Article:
In physics, electromotive force (EMF, \mathcal{E} ) is any source that produces a potential difference that can be used in a circuit to drive current. For example, batteries and mitochondrion generate a electromotive force that is utilized as a power resource. Similarly, electromotive force is produced in electromagnetic induction as well. When a conductor moves across a magnetic field, an electric current is produced, and that electric field pushes that charges through the wire. This is the induced electromotive force. We are able to determine the electromotive force if we know the strengths of electric and magnetic fields by using a formula that contains differential equations.







In class we learned that passing a magnet through an electromagnet can produce current and vice versa. This is very similar to how an electric guitar's pickup works. Electric pickups work on the principle of electromagnetic induction. The law of electromagnetic induction states that "an electric current is induced in a conductor whenever the magnetic field in the region of the conductor changes with time". 


Sound is produced by vibrations in the guitar strings over electromagnetic pick ups. These vibrations are then sent electronically to an amp and then to a speaker. The pickup consists of a bar magnet wrapped around thousands of turns of copper wire and is located underneath the guitar strings. The strings themselves are usually made of ferromagnetic materials, combinations such as nickel and steel.This means that the strings are attracted to the bar magnet in the pickup. As the string vibrates (when its strummed) it causes disturbances in the magnetic field. These disturbances create a changing magnetic field which in turn produces a current. This is based off the law of electromagnetic induction where a fluctuating magnetic field creates an electric field. This in turn creates current (electrons being pushed by the electric field) in a conductor. In the case of an electric guitar the fluctuating magnetic field is caused by the vibrating strings and the conductor is the coils of copper wire. The signal or current created is uniquely defined by the frequency of the string that was struck, and can be interpreted to produce a specific sound. Different frequencies, created by strumming different strings (among other things such as finger placement), result in different signals being sent, and thus different sounds being produced.The current or electric signal is then sent to an amp and ultimately converted into audible sound via the speaker.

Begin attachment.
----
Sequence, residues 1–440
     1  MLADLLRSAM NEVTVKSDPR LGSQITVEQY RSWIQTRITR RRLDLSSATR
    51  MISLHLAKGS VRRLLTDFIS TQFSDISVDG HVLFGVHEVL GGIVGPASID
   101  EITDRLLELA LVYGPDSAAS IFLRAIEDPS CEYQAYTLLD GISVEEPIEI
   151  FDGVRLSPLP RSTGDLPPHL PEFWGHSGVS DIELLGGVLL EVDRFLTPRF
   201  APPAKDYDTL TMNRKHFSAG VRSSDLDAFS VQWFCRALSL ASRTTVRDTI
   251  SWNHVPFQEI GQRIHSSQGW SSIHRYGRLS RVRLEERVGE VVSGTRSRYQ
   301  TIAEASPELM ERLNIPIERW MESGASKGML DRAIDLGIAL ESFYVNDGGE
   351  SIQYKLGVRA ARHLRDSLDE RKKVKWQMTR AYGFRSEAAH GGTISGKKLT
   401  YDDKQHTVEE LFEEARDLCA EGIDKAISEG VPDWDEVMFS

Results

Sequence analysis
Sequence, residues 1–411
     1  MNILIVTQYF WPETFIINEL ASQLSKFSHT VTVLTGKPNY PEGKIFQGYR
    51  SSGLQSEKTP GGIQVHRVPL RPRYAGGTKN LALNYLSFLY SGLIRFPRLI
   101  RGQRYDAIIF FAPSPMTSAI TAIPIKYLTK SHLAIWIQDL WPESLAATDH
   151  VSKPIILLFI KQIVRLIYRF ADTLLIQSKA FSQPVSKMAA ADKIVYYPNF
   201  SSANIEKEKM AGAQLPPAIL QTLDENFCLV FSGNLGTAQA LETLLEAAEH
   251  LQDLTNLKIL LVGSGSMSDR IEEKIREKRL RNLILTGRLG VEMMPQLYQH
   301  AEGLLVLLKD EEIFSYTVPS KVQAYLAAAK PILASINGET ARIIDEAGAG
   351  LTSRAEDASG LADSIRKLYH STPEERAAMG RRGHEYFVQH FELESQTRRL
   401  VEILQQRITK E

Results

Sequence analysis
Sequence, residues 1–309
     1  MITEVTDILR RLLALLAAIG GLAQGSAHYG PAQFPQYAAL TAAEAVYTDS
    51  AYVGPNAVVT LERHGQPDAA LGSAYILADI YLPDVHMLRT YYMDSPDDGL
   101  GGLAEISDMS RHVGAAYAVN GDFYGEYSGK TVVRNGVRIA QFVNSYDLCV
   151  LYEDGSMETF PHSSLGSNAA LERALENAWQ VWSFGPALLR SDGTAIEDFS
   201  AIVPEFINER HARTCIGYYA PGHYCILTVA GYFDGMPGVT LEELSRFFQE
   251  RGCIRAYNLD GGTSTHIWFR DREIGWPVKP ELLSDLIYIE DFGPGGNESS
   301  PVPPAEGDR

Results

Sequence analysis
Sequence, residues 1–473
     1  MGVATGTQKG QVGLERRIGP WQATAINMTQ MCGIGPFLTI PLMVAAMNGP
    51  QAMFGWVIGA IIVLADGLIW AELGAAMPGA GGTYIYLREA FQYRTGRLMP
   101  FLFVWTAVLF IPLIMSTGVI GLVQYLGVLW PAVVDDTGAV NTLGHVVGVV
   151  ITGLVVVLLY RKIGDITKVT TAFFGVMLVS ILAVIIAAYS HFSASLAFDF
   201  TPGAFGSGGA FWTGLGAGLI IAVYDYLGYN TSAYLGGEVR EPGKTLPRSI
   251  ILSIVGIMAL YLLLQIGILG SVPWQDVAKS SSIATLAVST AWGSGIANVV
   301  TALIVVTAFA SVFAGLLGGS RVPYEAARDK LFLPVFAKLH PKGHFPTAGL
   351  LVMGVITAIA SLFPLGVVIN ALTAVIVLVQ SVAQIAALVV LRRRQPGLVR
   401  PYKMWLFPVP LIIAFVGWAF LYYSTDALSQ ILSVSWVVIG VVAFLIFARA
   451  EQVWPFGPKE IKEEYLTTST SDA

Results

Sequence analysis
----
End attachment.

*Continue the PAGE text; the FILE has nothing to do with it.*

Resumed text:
Variations in pickups


Not all pickups are made the same. For example some guitars have pickups with separate magnets (fig 3) where the height of each magnet can be changed using a screw piece while others feature a single bar magnet (Fig 2). The closer the magnet is to the string the stronger the signal and vice versa. Additionally the type of magnet used can affect the pickup structure and ultimately the sound. Some commons types used are aluminum nickel cobalt (cheap), samarium cobalt (strong & expensive) or neodymium boron iron (strongest & most expensive). Pickups with stronger magnets can be smaller and need less coils. However this does not mean that a pickup with a strong magnet is a good idea as the strings themselves are ferromagnetic. If the pickup is too strong it may affect the vibrations in the strings. Generally speaking a pickup with a weaker magnet is more lenient to the vibrating strings but there is no "correct" pickup; rather it depends on the user's tastes.